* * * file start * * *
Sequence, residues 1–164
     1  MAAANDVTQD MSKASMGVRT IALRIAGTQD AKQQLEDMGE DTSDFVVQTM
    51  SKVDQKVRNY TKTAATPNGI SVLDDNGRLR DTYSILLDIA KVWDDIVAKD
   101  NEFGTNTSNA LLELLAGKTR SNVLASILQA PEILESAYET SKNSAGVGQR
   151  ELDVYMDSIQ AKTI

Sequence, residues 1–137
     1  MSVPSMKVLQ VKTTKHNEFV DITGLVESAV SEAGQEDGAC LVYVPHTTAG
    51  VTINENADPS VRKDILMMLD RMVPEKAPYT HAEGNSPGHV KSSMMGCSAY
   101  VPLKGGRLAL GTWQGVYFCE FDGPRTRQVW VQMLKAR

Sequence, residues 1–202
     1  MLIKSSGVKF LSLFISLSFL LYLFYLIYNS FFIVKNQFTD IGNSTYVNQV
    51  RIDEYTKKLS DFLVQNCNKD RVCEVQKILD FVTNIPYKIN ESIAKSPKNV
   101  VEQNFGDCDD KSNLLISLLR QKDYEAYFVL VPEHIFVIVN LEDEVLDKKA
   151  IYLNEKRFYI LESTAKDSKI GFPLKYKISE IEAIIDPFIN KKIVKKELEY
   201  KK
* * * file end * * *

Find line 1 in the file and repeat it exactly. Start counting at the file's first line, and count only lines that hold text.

Sequence, residues 1–164